By 2018, Hawaiian had cut back its service and passenger numbers didn’t dip much. Instead, Hawaiian was able to fill closer to two-thirds of its seats, but it still wasn’t prospering.
The story on Lānaʻi is somewhat different. The island is less than half the size of Molokai with just over 3,000 people. It does, however, have significant upscale tourist demand thanks to the two Four Seasons resorts on the island that became the major commercial activity after Dole shut down its pineapple operations. Here’s how the chart looks there.
Lana’i Scheduled Flights and Passengers
This market was almost entirely served by Island Air, because Larry Ellison, the Oracle founder who owns nearly all of Lānaʻi, also owned Island Air for a time. But it suffered, the resorts closed for renovations, and Island Air pulled out of Lānaʻi before failing completely.
ʻOhana had stepped in before Island Air failed, but it quickly became the only airline in the market once Mokulele pulled out. Despite being the only airline, Hawaiian still only filled about half its seats.
Meanwhile, in 2019, Mokulele went back into Lānaʻi after a several year absence. It has now built up mightily with well more than double the seats it used to have in the market.
The Pandemic Hits
Hawaiian may not have been planning on shutting down ʻOhana prior to the pandemic, but it ended up having no choice but to suspend operations. In order to start ʻOhana, Hawaiian made a deal with its pilots that if 717 flying declined too much, Hawaiian would shut down ʻOhana until it returned. The pilots were just protecting themselves from having their jobs farmed out to cheaper options. When Hawaiian pulled back flying during the pandemic, ʻOhana became a casualty.
While this happened, Mokulele was on the move. It agreed to take over Makani Kai’s commercial operations, and it started adding flights at a rapid pace. You can see that in both the charts above. On these small airplanes, Mokulele could operate as a shuttle service for the locals. It was not subject to standard TSA security, and it operated from commuter terminals at Kahului and Honolulu which made for an easy in and out for travelers.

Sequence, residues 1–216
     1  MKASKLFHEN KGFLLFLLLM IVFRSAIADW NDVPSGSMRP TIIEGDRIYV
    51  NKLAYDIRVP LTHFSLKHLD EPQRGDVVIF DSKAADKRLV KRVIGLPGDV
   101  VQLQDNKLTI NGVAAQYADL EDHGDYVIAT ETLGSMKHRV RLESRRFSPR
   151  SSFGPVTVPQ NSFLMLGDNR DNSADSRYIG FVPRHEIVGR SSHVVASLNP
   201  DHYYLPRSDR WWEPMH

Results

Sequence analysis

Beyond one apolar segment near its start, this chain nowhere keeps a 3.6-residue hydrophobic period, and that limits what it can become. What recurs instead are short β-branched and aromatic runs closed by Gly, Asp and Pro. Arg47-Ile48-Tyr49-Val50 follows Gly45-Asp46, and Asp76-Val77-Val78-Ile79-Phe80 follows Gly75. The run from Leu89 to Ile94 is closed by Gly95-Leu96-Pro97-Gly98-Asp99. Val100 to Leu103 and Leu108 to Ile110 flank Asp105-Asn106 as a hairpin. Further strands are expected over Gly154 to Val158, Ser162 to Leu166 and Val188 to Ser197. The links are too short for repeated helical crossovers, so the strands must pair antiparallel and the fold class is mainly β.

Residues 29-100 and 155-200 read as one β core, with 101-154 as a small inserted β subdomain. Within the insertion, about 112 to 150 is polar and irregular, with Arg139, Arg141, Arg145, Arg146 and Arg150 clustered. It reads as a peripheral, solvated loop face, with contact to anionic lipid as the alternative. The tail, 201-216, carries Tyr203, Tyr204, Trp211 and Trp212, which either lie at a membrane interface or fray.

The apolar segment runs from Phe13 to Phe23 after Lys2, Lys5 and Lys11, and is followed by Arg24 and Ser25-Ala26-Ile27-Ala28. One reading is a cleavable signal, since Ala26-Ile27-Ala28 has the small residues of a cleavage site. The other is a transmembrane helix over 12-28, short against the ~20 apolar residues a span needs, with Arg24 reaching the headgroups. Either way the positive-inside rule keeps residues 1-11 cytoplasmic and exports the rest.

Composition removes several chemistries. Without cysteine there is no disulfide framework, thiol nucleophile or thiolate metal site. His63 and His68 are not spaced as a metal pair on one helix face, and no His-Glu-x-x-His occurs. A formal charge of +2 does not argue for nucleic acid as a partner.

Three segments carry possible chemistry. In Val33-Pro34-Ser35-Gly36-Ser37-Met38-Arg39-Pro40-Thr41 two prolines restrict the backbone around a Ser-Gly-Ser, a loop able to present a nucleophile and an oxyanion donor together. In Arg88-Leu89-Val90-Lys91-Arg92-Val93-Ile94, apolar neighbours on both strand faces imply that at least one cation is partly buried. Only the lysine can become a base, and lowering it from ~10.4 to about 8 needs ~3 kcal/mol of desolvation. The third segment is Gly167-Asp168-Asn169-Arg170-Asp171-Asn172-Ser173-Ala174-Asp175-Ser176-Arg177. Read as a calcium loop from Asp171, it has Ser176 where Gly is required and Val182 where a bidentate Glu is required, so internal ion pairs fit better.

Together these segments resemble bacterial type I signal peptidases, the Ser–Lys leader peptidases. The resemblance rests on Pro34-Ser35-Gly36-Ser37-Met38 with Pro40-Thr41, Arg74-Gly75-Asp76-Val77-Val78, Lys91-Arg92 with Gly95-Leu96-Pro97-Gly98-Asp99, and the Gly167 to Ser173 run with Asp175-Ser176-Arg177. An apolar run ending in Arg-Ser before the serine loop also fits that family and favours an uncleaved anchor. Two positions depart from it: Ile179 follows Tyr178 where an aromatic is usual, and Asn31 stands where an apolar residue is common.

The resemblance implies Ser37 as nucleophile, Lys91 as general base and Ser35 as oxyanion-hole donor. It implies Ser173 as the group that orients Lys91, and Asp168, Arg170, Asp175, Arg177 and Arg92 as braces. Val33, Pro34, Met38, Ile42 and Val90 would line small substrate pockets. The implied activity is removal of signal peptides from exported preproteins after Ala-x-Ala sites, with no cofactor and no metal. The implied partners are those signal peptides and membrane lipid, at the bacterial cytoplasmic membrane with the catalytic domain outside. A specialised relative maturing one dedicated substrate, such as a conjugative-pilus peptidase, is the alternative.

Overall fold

When ʻOhana suspended operations, Mokulele jumped into action. According to both Peter and Stan, Hawaiian has decided to indefinitely lend its wheelchair ramps on the islands to Mokulele so it can better accommodate those who aren’t able to walk up the wobbly Grand Caravan built-in stairs.
For Mokulele’s part, Stan outlined a variety of other things the airline did to serve the local populations. It will be refitting the interiors on the whole Grand Caravan fleet. With these new interiors, Mokulele will now be able to replace an individual seat with a bus-style bench with 24 hour’s notice at no extra cost. That means it can accommodate even the largest of passengers that might not have been able to fit in the smaller individual seats previously. (The Makani Kai aircraft already have this seat permanently installed, so the airline can handle it to some extent now.) Mokulele has also committed to allowing those who cannot physically fly alone to bring along a caretaker at no extra cost.